How the EN scheme works
When a baby is born at 37 weeks or more (i.e. not premature) and is diagnosed with a potentially severe brain injury during the first week of life, the hospital trust involved must notify its legal team, which in turn notifies NHS Resolution, the legal arm of the NHS, within 30 days.
Potential severe brain injury includes a baby who:
- had active cooling (therapeutic cooling)
- had decreased central tone, was also comatose and also had seizures of any description
- is diagnosed with grade III hypoxic ischaemic encephalopathy (HIE)
The scheme does not include stillbirth or cases involving maternal death.
Following these criteria, NHS Resolution must investigate the circumstances of the birth using a panel of appointed legal and medical assessors who review medical records and the trust's internal investigation reports and statements.
If the investigation suggests that substandard care caused the baby's injuries, the trust should contact the parents to discuss the outcome of the investigation.
Advantages of the Scheme
If parents receive a letter advising that their child's care is being investigated under the Scheme, they know a) there is cause for concern about the care received and b) investigations may be underway by the trust.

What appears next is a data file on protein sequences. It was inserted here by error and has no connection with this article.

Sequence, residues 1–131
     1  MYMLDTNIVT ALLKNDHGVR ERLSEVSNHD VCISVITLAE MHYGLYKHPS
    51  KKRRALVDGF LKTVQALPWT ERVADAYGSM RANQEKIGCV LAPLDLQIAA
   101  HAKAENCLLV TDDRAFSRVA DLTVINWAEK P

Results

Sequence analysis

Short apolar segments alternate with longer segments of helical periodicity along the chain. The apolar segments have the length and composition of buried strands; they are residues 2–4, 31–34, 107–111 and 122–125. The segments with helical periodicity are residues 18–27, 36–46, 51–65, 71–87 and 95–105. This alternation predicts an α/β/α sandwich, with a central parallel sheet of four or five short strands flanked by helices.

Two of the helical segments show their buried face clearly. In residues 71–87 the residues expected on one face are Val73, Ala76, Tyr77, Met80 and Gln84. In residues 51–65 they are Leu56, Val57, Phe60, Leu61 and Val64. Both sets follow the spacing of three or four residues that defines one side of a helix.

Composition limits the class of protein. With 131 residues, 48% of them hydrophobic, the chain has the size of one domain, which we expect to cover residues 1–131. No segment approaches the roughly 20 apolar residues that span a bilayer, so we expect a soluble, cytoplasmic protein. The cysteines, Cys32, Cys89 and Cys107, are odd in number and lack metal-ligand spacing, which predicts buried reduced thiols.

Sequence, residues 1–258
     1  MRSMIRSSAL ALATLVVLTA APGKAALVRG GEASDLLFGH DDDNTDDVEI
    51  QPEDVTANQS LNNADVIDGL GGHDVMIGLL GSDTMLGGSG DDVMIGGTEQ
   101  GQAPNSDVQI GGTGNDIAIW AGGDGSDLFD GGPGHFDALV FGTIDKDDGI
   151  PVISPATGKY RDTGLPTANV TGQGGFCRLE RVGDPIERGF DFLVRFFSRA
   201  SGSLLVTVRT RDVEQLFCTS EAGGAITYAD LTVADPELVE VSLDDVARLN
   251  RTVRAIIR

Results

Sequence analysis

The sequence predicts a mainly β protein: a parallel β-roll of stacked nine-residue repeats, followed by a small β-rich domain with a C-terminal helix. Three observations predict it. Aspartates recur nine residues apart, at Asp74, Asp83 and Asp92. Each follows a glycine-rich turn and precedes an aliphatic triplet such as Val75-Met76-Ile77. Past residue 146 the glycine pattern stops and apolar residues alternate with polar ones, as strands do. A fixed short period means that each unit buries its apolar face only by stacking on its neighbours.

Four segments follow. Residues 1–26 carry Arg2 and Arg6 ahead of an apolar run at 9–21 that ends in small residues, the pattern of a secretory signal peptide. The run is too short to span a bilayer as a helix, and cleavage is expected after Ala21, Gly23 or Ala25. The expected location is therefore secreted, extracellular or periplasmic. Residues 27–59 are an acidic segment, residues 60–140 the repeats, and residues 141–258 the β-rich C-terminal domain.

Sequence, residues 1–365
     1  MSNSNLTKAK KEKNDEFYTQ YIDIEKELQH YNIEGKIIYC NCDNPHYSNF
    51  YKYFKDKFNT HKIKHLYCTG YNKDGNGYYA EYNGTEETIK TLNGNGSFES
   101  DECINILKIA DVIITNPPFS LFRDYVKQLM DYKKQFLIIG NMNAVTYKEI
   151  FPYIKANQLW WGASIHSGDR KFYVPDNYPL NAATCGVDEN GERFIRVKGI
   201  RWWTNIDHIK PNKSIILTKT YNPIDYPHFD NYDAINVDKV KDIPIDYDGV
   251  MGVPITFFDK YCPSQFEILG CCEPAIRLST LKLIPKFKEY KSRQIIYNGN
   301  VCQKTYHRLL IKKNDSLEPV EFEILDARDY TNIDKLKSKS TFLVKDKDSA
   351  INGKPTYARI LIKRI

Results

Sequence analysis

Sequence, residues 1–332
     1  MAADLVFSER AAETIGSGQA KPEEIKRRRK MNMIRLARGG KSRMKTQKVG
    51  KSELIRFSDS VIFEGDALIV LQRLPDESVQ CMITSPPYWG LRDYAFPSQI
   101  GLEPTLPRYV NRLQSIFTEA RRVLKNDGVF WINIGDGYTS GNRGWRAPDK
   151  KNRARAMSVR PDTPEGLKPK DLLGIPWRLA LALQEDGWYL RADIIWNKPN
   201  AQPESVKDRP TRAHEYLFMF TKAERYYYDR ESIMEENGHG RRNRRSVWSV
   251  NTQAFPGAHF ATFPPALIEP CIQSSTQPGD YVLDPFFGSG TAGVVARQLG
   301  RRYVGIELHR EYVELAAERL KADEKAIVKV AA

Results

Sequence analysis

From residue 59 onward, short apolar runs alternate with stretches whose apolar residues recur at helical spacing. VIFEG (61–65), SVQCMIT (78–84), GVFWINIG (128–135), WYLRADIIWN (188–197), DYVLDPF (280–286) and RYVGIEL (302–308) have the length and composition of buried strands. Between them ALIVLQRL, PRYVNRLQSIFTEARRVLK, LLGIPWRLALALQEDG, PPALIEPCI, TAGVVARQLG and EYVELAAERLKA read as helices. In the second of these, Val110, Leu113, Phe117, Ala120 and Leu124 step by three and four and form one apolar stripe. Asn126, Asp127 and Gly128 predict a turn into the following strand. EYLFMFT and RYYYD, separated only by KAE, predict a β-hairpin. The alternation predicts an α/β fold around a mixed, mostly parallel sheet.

The intention behind the scheme is to shorten the investigation process so as to generate a rapid settlement offer where appropriate. Also, by reducing the time between incident and resolution, costs, including legal feels, should be less, saving the NHS money.
The NHS also believes it will encourage trusts to be more open about incidents, be more candid with families affected, break down any perception of defensiveness, and to encourage learning from any recommendations to improve safety.
Because an injured baby needs to be comprehensively assessed by experts over time to work out what life-long care will entail, we strongly recommend that anyone concerned that maternity care was substandard to instruct a specialist clinical negligence solicitor to ensure a thorough investigation and to best protect their child's interests. This advice also applies to anyone who has received notification from a hospital trust via the Scheme.
For further advice, please contact Jane Weakley or Iona Meeres-Young.
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